Not that he'll ever go back, even if they do catch him - and they will, he has no doubt. They always do. The hunts go on for as long as they need to, and no one has ever survived. The monsters chasing him are fueled by more than just enjoyment - although he's sure there's plenty of that - they're also fueled by hate. Hate that has been festering for years, since long before the hunts were established. They're afraid of him, he knows that, and that fear makes them tireless. They'll hunt him for as long as they have to, simply because the idea of allowing him to escape into the world fills them with disgust.

He pauses again, listening, tilting his head to try to catch the faintest sound, and he wonders. Wonders how many like him have been killed by the hunters, wonders how many die in captivity before they're ever released to be tracked - and how many kill themselves out here, just to avoid it all. He has to admit, the thought has crossed his mind more than a few times over the past few days, but something's always stopped him. He's just too stubborn, perhaps, or he's young enough to hold onto the faint hope that maybe - just maybe - he'll be the first one to give them the slip, the first one to get away.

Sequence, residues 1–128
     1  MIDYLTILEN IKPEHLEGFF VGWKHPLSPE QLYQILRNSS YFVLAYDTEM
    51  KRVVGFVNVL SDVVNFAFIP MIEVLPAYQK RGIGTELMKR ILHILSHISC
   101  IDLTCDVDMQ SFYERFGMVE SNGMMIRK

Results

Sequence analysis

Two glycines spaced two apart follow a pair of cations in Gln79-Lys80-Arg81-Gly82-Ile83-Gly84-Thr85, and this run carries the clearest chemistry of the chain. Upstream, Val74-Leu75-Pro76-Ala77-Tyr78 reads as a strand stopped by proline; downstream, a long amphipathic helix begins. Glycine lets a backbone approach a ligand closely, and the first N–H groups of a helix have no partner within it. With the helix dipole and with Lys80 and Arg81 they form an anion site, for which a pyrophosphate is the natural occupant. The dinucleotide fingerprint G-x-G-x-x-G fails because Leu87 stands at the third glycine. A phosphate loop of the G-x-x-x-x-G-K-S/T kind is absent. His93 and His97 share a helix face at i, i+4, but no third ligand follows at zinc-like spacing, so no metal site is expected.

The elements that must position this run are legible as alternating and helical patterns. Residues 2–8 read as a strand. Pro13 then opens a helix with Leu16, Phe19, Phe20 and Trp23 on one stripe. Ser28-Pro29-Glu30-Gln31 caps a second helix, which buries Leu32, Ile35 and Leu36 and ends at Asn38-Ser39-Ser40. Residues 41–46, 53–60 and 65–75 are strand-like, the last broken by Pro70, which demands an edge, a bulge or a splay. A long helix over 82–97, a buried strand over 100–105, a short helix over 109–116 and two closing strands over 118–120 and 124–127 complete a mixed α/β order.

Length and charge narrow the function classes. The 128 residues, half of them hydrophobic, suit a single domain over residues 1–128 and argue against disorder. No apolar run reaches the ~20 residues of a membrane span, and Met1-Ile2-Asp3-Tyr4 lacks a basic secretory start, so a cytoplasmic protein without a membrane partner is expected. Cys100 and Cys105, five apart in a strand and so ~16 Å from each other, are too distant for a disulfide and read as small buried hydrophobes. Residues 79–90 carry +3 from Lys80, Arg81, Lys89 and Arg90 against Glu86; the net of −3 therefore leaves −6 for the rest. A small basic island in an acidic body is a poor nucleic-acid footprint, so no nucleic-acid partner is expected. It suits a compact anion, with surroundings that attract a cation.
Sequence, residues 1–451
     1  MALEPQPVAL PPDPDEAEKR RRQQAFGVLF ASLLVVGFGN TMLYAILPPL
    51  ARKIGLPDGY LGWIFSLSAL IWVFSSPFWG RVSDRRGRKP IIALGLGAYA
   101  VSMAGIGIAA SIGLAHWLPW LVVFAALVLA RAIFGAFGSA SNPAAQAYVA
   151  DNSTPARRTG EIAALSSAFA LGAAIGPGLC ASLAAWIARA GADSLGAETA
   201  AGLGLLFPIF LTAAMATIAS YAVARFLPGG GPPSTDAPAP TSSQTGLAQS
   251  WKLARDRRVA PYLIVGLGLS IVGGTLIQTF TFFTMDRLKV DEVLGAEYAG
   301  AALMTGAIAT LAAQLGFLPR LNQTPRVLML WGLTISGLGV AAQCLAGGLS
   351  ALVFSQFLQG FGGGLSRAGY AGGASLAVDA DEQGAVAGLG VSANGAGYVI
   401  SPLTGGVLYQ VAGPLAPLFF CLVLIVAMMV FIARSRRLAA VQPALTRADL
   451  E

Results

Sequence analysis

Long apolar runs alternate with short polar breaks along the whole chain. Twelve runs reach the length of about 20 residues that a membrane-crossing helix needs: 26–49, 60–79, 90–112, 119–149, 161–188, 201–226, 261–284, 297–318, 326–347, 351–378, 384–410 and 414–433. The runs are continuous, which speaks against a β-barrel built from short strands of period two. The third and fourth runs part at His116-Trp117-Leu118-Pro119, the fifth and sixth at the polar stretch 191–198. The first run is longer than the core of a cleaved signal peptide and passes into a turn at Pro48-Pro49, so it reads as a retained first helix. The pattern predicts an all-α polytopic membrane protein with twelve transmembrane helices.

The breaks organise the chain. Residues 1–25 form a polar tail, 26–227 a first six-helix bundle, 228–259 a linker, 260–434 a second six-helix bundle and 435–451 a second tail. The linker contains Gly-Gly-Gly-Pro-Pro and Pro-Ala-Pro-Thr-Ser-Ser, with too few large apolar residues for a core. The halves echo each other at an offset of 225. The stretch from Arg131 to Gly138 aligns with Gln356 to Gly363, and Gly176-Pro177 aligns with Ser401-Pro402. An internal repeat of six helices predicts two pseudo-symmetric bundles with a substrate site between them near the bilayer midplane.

Barking alerts him that he's stayed still too long, and he straightens up and prepares to move again - then pauses. He looks back at the tree he's been leaning against this time, contemplatively. It's a good-sized tree, thick and solid, with branches that start relatively high up. He thinks he could just reach them if he jumped, and it looks like he could get relatively high up without the branches breaking under his weight. He considers this new option - although fairly quickly, because that barking is a little too close for comfort.

Dogs can't climb. And while those monsters might be able to, it's possible that the rain will wash his scent off the trunk and keep the dogs from alerting their owners. Even if it doesn't, the trees are packed pretty tightly here - once he's up there, there's a good chance he can move from tree to tree, leaving his scent up above, where the dogs can't track it. All in all, a fairly appealing prospect.